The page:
Great news in senior home health! Individuals with peripheral artery disease (PAD) are better able to receive treadmill therapy. PAD is a debilitating condition that may result from cigarette smoking or diabetes and can increase a person’s chance of developing a heart attack or stroke, and in some cases lead to limb amputation. Medicare is now going to pay for the cost of treadmill therapy when recommended and supervised by a medical professional.
With limited treatment methods, persons suffering with PAD encounter aches and cramping in the legs described as “feeling as if their leg is in a vise,” according to University of Minnesota’s Diane Treat-Jacobson. Prescription medications have proven unsuccessful in decreasing pain, and although stent or bypass procedures can certainly help, they’re expensive and come with particular associated risks. The most recent research is demonstrating that treadmill therapy can be equally effective, at a notably reduced cost, and with Medicare on board to cover that cost, a large number of rehab centers are preparing for a wave of patients ready to try it out.
The expectation is that some other insurance providers will soon follow suit and provide coverage for treadmill therapy, which is often the case when Medicare covers a treatment option. At this time, over 2,000 hospital-based therapy centers are preparing to offer treadmill workouts to people whose medical doctors prescribe and oversee them.
Given that individuals with PAD often reduce physical exercise due to leg pain, the many benefits of monitored treadmill therapy go beyond reduced hospitalizations and cost savings to enhancing cardiovascular and lung health, lengthening the distance a patient with PAD can walk without soreness, and also possibly extending length and quality of life.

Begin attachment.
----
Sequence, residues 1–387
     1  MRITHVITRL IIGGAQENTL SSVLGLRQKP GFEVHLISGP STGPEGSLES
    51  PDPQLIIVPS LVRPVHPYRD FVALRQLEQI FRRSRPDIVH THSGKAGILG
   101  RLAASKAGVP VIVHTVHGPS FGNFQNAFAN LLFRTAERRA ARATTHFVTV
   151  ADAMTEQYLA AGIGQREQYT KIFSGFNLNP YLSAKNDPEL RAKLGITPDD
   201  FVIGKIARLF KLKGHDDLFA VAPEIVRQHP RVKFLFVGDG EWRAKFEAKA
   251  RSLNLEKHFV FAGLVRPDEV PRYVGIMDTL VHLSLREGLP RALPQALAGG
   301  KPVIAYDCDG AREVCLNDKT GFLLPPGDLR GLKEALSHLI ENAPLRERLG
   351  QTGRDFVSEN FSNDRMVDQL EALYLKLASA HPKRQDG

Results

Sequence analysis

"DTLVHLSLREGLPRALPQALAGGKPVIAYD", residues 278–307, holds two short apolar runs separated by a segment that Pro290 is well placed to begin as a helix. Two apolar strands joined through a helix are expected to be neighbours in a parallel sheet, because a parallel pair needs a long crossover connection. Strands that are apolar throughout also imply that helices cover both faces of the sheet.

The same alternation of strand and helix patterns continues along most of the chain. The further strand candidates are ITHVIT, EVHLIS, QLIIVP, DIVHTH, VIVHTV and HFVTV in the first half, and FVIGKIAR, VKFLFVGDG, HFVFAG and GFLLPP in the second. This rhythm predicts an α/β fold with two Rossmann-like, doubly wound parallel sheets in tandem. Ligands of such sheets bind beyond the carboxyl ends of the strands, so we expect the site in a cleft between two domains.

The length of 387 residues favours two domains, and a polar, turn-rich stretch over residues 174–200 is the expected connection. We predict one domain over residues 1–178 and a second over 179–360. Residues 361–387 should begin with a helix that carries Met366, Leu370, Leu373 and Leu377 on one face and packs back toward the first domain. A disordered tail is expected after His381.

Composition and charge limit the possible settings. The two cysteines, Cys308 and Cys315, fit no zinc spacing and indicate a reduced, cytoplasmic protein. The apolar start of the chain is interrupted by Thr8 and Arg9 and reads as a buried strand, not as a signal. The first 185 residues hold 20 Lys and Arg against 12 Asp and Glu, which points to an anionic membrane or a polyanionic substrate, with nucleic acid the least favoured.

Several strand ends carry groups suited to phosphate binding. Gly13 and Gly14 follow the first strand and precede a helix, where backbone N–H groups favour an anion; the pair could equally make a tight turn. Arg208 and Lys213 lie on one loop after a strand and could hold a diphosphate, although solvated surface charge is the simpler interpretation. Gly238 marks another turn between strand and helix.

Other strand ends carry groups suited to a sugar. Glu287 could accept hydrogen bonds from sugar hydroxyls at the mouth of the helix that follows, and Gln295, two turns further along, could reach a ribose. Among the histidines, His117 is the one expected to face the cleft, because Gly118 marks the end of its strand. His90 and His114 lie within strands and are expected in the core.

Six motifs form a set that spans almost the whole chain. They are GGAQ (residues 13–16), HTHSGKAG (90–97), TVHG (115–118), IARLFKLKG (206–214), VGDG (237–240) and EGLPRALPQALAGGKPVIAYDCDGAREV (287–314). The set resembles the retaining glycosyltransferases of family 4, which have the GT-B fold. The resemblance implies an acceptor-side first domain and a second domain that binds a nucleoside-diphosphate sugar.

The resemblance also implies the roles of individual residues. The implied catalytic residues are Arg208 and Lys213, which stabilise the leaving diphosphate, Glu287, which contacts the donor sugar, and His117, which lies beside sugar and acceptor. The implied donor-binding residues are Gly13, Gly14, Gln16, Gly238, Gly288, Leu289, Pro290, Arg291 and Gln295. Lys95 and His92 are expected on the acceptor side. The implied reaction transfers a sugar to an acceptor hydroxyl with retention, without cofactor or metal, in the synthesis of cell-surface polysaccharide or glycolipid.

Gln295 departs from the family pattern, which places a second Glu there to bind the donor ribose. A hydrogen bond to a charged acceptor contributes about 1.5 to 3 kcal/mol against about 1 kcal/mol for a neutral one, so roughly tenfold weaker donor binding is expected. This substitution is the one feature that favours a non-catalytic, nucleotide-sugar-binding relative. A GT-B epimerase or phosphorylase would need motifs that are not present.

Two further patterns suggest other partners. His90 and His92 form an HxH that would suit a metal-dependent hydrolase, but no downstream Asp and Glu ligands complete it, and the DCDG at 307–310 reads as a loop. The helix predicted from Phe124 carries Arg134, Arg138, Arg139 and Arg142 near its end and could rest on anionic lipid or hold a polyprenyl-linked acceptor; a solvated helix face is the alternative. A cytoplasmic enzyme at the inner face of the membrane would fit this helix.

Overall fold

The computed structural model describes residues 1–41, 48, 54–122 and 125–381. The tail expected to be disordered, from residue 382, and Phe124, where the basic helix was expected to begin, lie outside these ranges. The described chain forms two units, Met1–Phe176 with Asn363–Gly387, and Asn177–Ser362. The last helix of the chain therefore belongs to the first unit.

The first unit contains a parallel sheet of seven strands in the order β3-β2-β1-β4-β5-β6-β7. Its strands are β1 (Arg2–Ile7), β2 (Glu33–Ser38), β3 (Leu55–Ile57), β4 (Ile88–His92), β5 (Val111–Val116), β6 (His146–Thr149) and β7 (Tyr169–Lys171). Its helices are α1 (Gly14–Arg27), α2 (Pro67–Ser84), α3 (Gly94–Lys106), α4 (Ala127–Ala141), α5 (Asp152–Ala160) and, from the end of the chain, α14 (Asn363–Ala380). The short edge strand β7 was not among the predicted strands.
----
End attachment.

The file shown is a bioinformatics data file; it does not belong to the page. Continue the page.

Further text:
If your senior loved one is one of the 8 million Americans struggling with the challenges of PAD, or any other medical condition that makes living at home independently challenging, contact Home Matters. We’re able to provide assistance in many ways, including:
- Offering transportation and accompaniment to treatment along with other medical-related appointments.
- Helping with activities in the home, like light housekeeping and laundry.
- Preparing nourishing and appealing meals.
- Running errands like purchasing food and prescription medications.
- Providing support for seniors to participate in doctor-approved exercise programs.
- Offering friendly companionship – somebody with whom to take walks, enjoy favorite hobbies and pastimes, and to become more actively engaged in the world around them.
- And much more.